Become a citizen scientist and report sightings of any flora and fauna you see in our area through inaturalist so we can have access to the highest quality and quantity data to inform our conservation.
The catchment is located within the Southwest Australia Ecoregion, an internationally recognised biodiversity hotspot (Conservation International, 2017). This was the first biodiversity hotspot identified in Australia. Learn more about Biodiversity Hotspots here
The Oyster Harbour Catchment has a wide variety of native vegetation assemblages that varies due to soil variations and differences in rainfall. There are 5 known major assemblages found within the confines of the catchment boundaries. The main vegetation types around the coastal areas include stands of paper barks and reeds around the harbour and wetlands. There are also mixed Jarrah and Banksia heaths and Jarrah and Karri are found on sand dunes. You can commonly find peppermint woodlands in low-lying areas and in between dunes. Slightly inland from the coastal areas you will find low Jarrah, Marri and Wandoo.
Vegetation along the Kalgan River is very different at either ends of the river due to the different climatic environments. Assemblages include low Jarrah and Marri and some Karri, Sheoak and Yate further north in the lower reaches of the Kalgan. You would commonly find low Jarrah, Wandoo, Yate and Mallee in the headwaters of the Kalgan. The vegetation on the Porongurup include large stands of Karri divided by stands of Jarrah, Mallee and Marri, these commonly mix as well and can be located on the lower slopes. Surrounding lowlands contain mostly scrub with examples of Banksias, Jarrah and Mallee.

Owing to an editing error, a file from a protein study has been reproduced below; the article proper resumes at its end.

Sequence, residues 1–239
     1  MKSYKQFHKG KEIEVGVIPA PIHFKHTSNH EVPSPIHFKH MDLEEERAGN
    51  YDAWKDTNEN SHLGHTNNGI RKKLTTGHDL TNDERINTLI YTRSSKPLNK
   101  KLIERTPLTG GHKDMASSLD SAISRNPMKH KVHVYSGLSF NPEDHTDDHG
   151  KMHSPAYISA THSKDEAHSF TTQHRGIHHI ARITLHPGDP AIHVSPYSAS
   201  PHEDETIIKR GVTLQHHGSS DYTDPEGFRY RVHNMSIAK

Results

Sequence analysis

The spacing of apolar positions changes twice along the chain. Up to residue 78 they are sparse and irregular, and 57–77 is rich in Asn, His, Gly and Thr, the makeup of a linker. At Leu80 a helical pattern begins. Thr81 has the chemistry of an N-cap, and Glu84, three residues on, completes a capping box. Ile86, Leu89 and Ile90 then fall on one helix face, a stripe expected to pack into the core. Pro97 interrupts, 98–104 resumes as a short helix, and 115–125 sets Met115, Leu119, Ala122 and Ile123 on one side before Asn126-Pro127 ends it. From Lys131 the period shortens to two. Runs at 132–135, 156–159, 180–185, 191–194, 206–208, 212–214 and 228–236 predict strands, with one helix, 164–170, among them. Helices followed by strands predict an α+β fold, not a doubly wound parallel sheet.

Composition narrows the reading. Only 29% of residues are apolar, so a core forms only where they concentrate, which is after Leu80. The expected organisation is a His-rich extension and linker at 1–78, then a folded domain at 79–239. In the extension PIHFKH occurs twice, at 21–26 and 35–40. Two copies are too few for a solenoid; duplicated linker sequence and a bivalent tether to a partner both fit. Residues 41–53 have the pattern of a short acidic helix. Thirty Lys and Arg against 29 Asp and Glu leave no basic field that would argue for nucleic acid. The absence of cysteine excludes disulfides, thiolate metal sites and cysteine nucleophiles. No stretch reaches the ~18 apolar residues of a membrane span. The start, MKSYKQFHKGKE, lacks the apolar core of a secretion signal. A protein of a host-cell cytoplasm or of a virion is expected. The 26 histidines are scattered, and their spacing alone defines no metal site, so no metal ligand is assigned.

The area North of Mt Barker to the Kendenup area contains populations of Jarrah, Marri and Wandoo woodlands with pockets of Mallee and Sheoak woodlands.
The final major area is the Stirling Ranges with varying assemblages from the high to low slopes. The high slopes contain Jarrah woodlands changing into open Eucalypt woodlands on the lower slopes. Vegetation in the valleys usually consists of Jarrah, Marri and Wandoo.
Some examples of endemic/ threatened species are:
Ornduffia calthifolia — Mountain Villarsia
The types and distribution of native animals varies from one end of the catchment to the other. This is due to the different environmental conditions between the upper and lower catchment and changing floral assemblages. Some of these species can be found all over the catchment and in neighbouring catchments. There have been 13 recorded examples of migratory birds found around the catchment. The catchment contains approximately 30 mammal species and, 240 bird species, 30 reptile species and an unknown number of amphibians, snails and spiders.
We acknowledge the Minang Bibbulmun people as the traditional custodians of the land on which we work and live. We pay our respects to the Elders, past, present, and emerging and to the wider Bibbulmun community.